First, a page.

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Michael Steele: For Medicare and abortion before he's against them

gophealthcaremedicaremichael steelerepublicans

Steele GOP Chairman Michael Steele was for Medicare before he was against it, which was before he couldn't give an answer to the question of whether he was for or against it. In other words, the leader of a major political party is confused about his position on a massive government program that consumes more than one-fifth of total federal budget and has been around since the Vietnam War.

The question that comes up is how this guy ever managed to become the leader of a political party. Having looked through our archives for coverage of Steele's selection earlier this year as GOP chairman, it's apparent that he wasn't a very inspired pick by Republicans. Here's an excerpt from a Times news article published on Jan. 31, the day after his election:

But it was clear even from Friday's voting process that, in addition to remaking the party's image, the new chairman faces hurdles in asserting his power within Republican circles.

It took six contested ballots before Steele defeated a slate of candidates that included the party's incumbent chairman, Mike Duncan. In the end, it was a divided Republican National Committee -- 91 out of 168 members -- that backed Steele over the last challenger standing, Katon Dawson, the white chairman of the South Carolina GOP, who had presented himself as the rock-ribbed conservative in the race.

Steele, relatively new to the national stage, will have to jockey for attention with other Republican leaders, as well as with talk show giant Rush Limbaugh, who in recent days has gained traction as a leading conservative challenger to Obama. Limbaugh, for example, took credit this week for pressuring House Republicans to vote in a solid block against the president's $819-billion stimulus package.

What Steele needed to do was shore up party support. Instead, he engaged in a useless public turf war with Limbaugh for which he later apologized. In a preview of his current indecisiveness over bread-and-butter issues for Republicans, he suggested that abortion is an individual choice. And after promising to make the GOP available to "every corner, every boardroom, every neighborhood, every community," he threatened to withhold party funds from moderate Republicans who voted for President Obama's stimulus package.

So now we're on to healthcare reform, and enormously complex field of public policy. Republicans, don't say you didn't see this train wreck coming.

-- Paul Thornton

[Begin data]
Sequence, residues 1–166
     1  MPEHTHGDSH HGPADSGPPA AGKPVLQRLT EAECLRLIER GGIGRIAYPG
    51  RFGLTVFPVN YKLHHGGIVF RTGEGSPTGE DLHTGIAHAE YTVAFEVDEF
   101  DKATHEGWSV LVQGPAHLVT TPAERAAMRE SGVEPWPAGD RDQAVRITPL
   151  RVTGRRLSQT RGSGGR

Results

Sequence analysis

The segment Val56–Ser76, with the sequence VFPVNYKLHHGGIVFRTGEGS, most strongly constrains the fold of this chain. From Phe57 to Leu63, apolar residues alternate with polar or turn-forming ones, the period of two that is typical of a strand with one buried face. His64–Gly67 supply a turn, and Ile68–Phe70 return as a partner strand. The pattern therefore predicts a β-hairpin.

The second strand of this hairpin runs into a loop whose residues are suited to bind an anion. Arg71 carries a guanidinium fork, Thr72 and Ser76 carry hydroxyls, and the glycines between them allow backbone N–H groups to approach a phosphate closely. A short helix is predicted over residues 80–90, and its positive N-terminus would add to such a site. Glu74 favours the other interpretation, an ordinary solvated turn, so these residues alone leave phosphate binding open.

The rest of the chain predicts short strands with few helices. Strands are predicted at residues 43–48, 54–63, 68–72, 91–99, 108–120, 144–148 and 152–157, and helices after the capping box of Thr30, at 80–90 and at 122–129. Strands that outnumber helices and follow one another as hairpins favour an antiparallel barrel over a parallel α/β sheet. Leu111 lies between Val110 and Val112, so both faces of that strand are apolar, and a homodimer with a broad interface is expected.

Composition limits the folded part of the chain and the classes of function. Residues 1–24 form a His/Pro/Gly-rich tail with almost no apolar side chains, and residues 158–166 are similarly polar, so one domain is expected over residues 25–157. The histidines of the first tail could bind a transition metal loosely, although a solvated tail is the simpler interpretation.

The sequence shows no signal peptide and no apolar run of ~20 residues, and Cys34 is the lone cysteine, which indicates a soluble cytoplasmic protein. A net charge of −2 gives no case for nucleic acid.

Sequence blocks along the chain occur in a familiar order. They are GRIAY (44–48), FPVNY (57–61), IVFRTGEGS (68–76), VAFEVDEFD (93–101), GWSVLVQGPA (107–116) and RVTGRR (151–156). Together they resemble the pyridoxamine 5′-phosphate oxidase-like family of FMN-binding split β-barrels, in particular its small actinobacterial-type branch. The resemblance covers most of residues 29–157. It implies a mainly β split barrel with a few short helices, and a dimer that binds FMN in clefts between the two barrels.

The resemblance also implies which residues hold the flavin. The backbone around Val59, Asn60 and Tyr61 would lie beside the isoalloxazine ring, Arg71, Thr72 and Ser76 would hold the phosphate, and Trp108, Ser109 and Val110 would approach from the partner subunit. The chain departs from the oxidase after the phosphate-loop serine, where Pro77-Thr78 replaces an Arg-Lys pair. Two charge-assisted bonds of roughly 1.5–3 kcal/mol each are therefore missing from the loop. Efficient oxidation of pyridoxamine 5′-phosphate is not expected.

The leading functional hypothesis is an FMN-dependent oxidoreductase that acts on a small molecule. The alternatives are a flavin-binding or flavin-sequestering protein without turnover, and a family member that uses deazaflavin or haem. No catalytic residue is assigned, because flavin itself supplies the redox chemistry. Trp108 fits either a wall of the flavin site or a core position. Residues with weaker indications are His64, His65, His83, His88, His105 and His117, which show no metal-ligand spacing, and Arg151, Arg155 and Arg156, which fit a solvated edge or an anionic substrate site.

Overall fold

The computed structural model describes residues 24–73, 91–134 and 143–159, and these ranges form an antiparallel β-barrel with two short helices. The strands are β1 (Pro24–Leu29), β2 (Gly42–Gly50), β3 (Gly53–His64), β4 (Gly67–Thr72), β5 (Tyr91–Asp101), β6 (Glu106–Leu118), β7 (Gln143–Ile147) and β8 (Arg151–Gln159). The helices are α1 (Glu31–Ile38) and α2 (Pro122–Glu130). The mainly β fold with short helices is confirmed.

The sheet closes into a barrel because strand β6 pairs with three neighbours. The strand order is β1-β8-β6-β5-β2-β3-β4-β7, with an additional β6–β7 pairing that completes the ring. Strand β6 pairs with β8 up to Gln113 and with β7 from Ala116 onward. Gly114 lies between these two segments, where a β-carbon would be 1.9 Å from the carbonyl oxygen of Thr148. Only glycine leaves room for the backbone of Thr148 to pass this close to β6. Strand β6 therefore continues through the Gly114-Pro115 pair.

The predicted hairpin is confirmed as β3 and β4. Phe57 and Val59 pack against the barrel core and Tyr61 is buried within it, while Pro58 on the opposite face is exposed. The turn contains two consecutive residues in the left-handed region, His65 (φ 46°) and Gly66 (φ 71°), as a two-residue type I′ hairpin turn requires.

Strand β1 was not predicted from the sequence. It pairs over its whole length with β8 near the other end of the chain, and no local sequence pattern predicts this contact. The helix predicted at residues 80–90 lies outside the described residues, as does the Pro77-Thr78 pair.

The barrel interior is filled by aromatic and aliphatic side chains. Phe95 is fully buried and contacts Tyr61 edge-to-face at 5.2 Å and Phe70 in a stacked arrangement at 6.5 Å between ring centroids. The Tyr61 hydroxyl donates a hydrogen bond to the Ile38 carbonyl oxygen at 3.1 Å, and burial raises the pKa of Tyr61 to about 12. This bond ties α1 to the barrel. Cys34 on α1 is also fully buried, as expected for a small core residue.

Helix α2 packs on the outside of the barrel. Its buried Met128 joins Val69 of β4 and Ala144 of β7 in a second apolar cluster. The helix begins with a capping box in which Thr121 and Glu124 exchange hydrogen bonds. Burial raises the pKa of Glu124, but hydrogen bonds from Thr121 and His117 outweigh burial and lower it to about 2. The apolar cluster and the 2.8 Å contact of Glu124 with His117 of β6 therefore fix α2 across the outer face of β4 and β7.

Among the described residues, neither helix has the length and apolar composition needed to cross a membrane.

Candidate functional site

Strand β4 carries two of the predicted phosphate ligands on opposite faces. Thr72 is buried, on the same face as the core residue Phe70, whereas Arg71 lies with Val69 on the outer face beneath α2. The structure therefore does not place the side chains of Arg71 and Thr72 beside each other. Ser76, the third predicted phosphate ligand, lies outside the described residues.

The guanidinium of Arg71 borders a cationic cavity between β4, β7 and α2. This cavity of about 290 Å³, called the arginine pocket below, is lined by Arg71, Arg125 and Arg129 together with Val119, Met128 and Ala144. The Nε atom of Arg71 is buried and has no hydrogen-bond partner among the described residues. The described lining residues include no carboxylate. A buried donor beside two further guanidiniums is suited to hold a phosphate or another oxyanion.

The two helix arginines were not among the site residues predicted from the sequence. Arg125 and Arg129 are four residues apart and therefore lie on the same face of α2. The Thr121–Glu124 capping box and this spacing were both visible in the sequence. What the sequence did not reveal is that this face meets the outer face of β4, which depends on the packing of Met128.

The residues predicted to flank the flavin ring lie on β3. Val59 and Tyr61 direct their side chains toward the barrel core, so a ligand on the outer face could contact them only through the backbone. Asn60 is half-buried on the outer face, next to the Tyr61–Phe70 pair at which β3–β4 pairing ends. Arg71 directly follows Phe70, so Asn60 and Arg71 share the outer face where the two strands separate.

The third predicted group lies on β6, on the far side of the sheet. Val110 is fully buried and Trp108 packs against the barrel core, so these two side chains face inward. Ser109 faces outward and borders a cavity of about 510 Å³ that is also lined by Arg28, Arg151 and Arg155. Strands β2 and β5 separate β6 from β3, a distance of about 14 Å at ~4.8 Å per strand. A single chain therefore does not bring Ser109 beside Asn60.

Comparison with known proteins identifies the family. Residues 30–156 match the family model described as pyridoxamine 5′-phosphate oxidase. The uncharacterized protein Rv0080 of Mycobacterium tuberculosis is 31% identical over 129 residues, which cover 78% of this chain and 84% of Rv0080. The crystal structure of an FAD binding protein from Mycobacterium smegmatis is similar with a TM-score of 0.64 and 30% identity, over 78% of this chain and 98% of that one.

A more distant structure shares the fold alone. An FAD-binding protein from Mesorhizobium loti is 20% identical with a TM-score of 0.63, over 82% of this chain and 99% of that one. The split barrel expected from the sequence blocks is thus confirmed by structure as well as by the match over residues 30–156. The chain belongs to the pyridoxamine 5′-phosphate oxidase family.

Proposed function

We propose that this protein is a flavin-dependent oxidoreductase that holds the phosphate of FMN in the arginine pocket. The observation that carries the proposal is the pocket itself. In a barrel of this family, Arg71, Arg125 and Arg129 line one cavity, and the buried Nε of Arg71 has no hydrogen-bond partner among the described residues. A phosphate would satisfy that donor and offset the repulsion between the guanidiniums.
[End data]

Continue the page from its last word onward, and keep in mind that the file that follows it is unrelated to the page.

Photo: Steele speaks at the annual Indiana GOP state dinner in Indianapolis July 8. Credit: AP Photo / Tom Strickland.

 

Comments () | Archives (4)

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TL Anderson

Mr. Steele was selected as a response to Obama the same way Ms. Palin was a response to Ms. Clinton. Call it "Look, we got one of those!!"

William Hill

So Steele has cleaned up his act, according to the RNC? I pictured this as a sign I once saw at the entrance of a paper mill..."THIS MILL (RNC/Steele) HAS GONE 35 DAYS WITHOUT A SERIOUS ACCIDENT(verbally)." I guess I have to mentally change the number back to 1. If Steele keeps this up, he may be sent back to the country club to see if he can keep the drink orders straight.

JVW

If it is true that Mr. Steele has a tendency to stake out strong public positions and then waffle when it comes time to implement them, and if it is true that he can't seem to unite his party behind a common agenda, and if it is true that he defers too much to the hardcore activist base of his party, then perhaps Mr. Steele was chosen because he so strongly resembles Barack Obama in leadership style and not just in skin tone.

Steve

Amazing! The Libs still resort to color baiting, sexism and name calling in their self proclaimed "post racial" era. Hey, Libs, time to join the rest of America in Unifying to impeach Barry! This is our moment, this is our day, America is becoming a "very mean country" in 2009! I want to be proud of my country once again even with a Democrat in the White House. Unfortunatly you have given us a Marxist in DC! IMpeach Barry today!


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The Opinion L.A. blog is the work of Los Angeles Times Editorial Board membersNicholas Goldberg, Robert Greene, Carla Hall, Jon Healey, Sandra Hernandez, Karin Klein, Michael McGough, Jim Newton and Dan Turner. Columnists Patt Morrison and Doyle McManus also write for the blog, as do Letters editor Paul Thornton, copy chief Paul Whitefield and senior web producer Alexandra Le Tellier.



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